Contents included in this summary
Definition of insomnia—diagnostic classification systems
- For the diagnosis of insomnia, the diagnostic categories ‘Non-organic insomnia’ (F51.0) and ‘Disorders of initiating and maintaining sleep (insomnias)’ (G47.0) are relevant. The definition for non-organic insomnia is presented in Table 1.
- The recommended procedure for the diagnostic management of insomnia disorder, and its co-morbidities, is shown in Table 2.
1. Medical history and examination (strong recommendation)
2. Psychiatric/psychological history (strong recommendation)
3. Sleep history (strong recommendation)
|CRP=C-reactive protein; CT=computed tomography; ECG=electrocardiogram; EEG=electroencephalogram; MRT=magnetic resonance tomography.|
- A medical and psychiatric/psychological anamnesis is mandatory, and has to be tailored to the clinical picture of the patient and his/her symptomatology. With respect to the assessment of medical disorders, it needs to be borne in mind that some somatic causes of insomnia can be specifically treated, for example hyperthyroidism.
- Patients with chronic insomnia often suffer from a co-morbid mental disorder, which they do not spontaneously report. This may be due to the fact that it is easier for some patients to talk about sleep than to talk about emotional distress. Thus, the presence of mental disorders should also be actively examined.
- Table 3 summarises the major somatic and mental co-morbidities of insomnia.
|Table 3: Major co-morbidities of insomnia|
|RLS=restless legs syndrome.|
Diagnostic management of insomnia and its co-morbidities
- The diagnostic procedure for insomnia should include a clinical interview consisting of a thorough evaluation of the current sleep–wake behaviour and sleep history as well as questions about somatic and mental disorders, a physical examination, the use of sleep questionnaires and sleep diaries, and, if indicated, additional measures (blood tests, ECG, EEG, CT/MRT, circadian markers; strong recommendation, moderate- to high-quality evidence).
- It is recommended to actively ask for medication and other substance use (alcohol, caffeine, nicotine, illegal drugs), which may disturb sleep (strong recommendation, high-quality evidence).
- Sleep diaries or actigraphy can be used in case of clinical suspicion of irregular sleep–wake schedules or circadian rhythm disorders (strong recommendation, high-quality evidence), and actigraphy can be used to assess quantitative sleep parameters (weak recommendation, high-quality evidence).
- Polysomnography is recommended when there is clinical suspicion of other sleep disorders, like periodic limb movement disorder, sleep apnoea or narcolepsy, treatment-resistant insomnia, insomnia in occupational at-risk groups, or suspicion of a large discrepancy between subjectively experienced and polysomnographically measured sleep (strong recommendation, high-quality evidence).
Treatment of insomnia
- In the presence of co-morbidities, clinical judgement should decide whether the insomnia or the co-morbid condition is treated first, or whether both are treated at the same time.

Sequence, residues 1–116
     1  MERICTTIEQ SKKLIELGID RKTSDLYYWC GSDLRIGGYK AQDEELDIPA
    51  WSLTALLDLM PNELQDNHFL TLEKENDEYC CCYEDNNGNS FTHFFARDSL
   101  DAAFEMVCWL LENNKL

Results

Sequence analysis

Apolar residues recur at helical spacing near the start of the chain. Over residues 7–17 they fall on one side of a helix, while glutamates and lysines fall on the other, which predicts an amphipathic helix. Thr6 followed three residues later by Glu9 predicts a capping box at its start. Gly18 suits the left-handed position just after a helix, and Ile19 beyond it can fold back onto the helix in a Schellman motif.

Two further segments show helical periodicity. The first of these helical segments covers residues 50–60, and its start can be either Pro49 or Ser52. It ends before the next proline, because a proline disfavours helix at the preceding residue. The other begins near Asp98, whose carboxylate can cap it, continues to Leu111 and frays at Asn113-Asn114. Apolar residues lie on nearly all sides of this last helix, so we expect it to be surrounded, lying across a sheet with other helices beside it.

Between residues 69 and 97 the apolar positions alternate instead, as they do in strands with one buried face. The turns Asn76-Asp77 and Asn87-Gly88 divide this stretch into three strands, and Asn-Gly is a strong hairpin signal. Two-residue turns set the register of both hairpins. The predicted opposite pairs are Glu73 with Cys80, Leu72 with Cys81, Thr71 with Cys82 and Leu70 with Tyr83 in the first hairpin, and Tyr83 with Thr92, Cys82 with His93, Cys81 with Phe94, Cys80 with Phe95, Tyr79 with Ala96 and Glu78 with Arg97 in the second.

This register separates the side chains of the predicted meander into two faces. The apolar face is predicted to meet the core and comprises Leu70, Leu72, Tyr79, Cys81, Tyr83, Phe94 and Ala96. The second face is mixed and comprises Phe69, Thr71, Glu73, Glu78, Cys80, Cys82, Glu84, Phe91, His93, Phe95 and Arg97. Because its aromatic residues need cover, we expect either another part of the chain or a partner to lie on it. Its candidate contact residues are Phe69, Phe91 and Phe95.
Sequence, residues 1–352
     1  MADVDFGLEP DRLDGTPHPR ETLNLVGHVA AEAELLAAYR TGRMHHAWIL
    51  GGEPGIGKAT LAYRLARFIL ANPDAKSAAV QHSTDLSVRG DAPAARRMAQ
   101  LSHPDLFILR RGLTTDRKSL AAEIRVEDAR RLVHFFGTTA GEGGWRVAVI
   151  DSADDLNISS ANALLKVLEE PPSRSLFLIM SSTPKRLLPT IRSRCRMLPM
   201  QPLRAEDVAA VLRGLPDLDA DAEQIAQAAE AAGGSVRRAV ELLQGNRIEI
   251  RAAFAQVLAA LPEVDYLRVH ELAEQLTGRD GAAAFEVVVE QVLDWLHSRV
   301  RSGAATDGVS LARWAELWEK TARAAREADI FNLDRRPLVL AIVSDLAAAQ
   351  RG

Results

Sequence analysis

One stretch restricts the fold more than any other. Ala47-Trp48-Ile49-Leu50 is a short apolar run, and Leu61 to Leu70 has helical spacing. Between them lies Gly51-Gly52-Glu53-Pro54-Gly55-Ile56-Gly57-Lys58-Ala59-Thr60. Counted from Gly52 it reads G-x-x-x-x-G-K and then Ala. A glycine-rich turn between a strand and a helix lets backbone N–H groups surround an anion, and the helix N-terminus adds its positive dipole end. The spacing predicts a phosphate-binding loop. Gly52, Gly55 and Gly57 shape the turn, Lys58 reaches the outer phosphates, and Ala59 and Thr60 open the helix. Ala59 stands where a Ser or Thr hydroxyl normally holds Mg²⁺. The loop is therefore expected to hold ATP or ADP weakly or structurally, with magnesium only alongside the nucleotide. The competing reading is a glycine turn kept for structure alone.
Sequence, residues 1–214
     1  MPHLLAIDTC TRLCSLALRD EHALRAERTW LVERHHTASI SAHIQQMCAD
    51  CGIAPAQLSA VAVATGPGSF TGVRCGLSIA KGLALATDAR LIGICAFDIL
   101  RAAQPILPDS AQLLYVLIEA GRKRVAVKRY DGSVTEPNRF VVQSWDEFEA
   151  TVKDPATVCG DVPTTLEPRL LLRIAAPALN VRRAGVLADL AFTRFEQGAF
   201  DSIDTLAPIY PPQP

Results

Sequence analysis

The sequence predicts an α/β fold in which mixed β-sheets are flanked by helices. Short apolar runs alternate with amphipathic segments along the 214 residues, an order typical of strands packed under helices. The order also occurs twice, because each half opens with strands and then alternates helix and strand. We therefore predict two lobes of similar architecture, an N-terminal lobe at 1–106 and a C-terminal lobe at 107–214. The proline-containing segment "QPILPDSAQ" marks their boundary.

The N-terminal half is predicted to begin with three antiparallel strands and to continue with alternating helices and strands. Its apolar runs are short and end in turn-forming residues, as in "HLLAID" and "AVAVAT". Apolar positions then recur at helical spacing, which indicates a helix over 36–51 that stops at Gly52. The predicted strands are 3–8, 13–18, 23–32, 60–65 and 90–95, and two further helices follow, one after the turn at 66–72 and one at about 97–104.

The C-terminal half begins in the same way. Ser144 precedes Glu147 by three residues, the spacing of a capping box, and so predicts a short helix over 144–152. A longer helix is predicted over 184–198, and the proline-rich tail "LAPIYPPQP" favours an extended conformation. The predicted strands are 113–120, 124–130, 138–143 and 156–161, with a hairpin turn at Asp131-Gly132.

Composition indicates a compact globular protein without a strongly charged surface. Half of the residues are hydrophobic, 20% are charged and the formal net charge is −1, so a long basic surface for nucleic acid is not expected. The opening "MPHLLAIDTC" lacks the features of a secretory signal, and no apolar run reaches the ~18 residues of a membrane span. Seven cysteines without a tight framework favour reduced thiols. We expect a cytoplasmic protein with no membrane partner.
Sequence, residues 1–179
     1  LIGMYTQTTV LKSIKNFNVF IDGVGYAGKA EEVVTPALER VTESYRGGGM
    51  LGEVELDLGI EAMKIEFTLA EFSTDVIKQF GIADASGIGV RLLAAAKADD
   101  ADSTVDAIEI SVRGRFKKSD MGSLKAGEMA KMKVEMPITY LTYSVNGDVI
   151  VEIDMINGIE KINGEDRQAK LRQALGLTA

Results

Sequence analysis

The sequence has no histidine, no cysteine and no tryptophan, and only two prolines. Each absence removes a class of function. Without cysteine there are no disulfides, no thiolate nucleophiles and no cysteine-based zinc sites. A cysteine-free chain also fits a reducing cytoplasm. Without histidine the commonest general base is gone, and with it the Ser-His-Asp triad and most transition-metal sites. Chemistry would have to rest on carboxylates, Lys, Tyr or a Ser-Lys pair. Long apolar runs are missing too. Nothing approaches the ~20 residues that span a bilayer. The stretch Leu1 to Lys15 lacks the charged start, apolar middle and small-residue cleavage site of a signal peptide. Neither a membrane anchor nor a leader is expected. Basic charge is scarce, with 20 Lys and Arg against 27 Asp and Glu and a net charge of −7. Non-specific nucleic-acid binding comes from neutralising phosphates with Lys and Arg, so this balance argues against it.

Cognitive behavioural therapy for insomnia (CBT-I)
- Cognitive behavioural therapy for insomnia (CBT-I) is recommended as first-line treatment for chronic insomnia in adults of any age (strong recommendation, high-quality evidence).
- A pharmacological intervention can be offered if CBT-I is not effective or not available.
Benzodiazepines and benzodiazepine receptor agonists
- Benzodiazepines (BZ) and benzodiazepine receptor agonists (BZRA) are effective in the short-term treatment of insomnia (≤4 weeks; high-quality evidence).
- The newer BZRA are equally effective as BZ (moderate-quality evidence).
- BZ/BZRA with shorter half-lives may have less side-effects concerning sedation in the morning (moderate-quality evidence).
- Long-term treatment of insomnia with BZ or BZRA is not generally recommended because of a lack of evidence and possible side-effects/risks (strong recommendation, low-quality evidence). In patients using medication on a daily basis, reduction to intermittent dosing is strongly recommended (strong recommendation, low-quality evidence).
- Sedating antidepressants are effective in the short-term treatment of insomnia; contraindications have to be carefully considered (moderate-quality evidence). Long-term treatment of insomnia with sedating antidepressants is not generally recommended because of a lack of evidence and possible side-effects/risks (strong recommendation, low-quality evidence).
- Because of insufficient evidence, antihistaminics are not recommended for insomnia treatment (strong recommendation, low-quality evidence).
- Because of insufficient evidence and in light of their side-effects, antipsychotics are not recommended for insomnia treatment (strong recommendation, very low-quality evidence).
- Melatonin is not generally recommended for the treatment of insomnia because of low efficacy (weak recommendation, low-quality evidence).
- Valerian and other phytotherapeutics are not recommended for the treatment of insomnia because of poor evidence (weak recommendation, low-quality evidence).
Light therapy and exercise
- Light therapy and exercise regimes may be useful as adjunct therapies (weak recommendation, low-quality evidence).
Complementary and alternative medicine
- Acupuncture, aromatherapy, foot reflexology, homeopathy, meditative movement, moxibustion and yoga are not recommended for the treatment of insomnia because of poor evidence (weak recommendation, very low-quality evidence).
Clinical algorithm for the diagnosis and treatment of insomnia
Riemann D, Baglioni C, Bassetti C et al. European guideline for the diagnosis and treatment of insomnia. J Sleep Res 2017; 26: 675–700.